Choosing the right secondary dive light is an important part of prepping for a dive. It is important to know how to compare secondary dive lights to best meet your diving needs. While all secondary lights should be relatively small and fit into a BC pocket, the similarities stop there.
Beam Strength (Lumens)
A light is only as good as its brightness, but in the water, a too-bright light impacts the environment, particularly the creatures in it. If you’re looking to see marine life, a too-bright light might just scare them away. But if you’re looking for optimal visibility for wreck diving, then something bright might be more to your liking.
Most secondary lights operate in the range of 25 – 100 lumens, but with smaller and more powerful lights being made, options such as the Mini-Q40, MK2 or SL3 eLED L2 can offer 250 to 425 lumens. The XTAR series of secondary lights go as high as 1100 lumens.
Ultimately, your secondary light should be bright enough to act as your primary light in a pinch, but dim enough that you can use it with your primary light without over-lighting the area and reducing visibility.
As a secondary light is principally a back-up on night dives, choosing the right beam is important. A wide beam may provide more light in an immediate area, but it doesn’t travel as far and may be impacted by sediment clouds if you’re diving near the sea floor. This is also usually the purpose of your primary dive light – to cast a wide beam and illuminate the area – so a narrow beam is usually preferable in a secondary light as it can be used to investigate crevasses, cracks, and ledges, act as a back up on night dives or in caves or wrecks, or function as a signal for boats or other vessels from a distance. Good models to consider include the XTAR series, the Mini Q40, SL3 and SL4.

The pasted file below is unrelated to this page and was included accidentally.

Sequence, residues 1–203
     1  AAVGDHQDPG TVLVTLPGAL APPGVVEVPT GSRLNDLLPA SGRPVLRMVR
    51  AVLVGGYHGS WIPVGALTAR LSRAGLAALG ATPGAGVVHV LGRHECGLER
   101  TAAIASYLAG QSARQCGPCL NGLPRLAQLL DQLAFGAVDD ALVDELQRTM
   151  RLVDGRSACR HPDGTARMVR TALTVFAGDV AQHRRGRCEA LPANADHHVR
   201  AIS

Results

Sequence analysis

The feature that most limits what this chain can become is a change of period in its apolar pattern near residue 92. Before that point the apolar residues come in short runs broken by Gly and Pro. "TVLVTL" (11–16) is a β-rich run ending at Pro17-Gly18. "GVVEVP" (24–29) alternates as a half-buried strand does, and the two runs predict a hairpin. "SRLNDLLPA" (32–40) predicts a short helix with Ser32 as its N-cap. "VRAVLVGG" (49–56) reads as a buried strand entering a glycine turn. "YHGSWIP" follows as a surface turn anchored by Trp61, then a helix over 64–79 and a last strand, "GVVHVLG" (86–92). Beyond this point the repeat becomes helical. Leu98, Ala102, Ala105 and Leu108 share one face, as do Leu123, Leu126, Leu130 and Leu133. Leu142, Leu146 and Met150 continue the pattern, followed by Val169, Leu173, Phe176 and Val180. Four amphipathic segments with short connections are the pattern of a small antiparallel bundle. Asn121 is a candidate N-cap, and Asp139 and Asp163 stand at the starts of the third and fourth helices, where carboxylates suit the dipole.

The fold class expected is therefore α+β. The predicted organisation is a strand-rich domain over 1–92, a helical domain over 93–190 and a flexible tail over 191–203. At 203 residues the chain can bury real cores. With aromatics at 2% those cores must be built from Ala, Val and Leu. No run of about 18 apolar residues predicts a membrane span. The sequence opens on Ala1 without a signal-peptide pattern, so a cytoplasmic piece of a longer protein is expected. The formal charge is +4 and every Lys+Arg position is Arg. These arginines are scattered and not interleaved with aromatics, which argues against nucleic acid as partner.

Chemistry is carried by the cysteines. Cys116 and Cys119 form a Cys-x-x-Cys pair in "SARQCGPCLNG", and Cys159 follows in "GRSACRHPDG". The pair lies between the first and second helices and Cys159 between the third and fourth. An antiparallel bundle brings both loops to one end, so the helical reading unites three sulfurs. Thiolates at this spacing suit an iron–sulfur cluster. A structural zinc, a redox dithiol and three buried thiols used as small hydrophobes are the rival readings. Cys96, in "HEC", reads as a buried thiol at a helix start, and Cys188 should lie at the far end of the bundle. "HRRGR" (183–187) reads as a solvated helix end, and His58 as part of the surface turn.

A secondary light should have good battery life as well. Depending on the length of your dives and the power draw for your light, most flashlights should provide upwards of 5 hours of solid lighting. XTAR series lights vary based on usage, from 2 hours at peak illumination (1100 lumens) to 48 hours at the lowest levels (60 lumens). The SL4 eLED offers 400 lumens with a 10h burn time.
It is also important to make sure you compare depth rating, enclosure protection, beam distance and weight when factoring in your choice of secondary dive light. These are more personal choices or dependent on the type of diving you intend to do or the depth you plan to go to (most secondary lights are usually good for 100m – 150m)
Remember: always make sure to take the right equipment with you on that dive!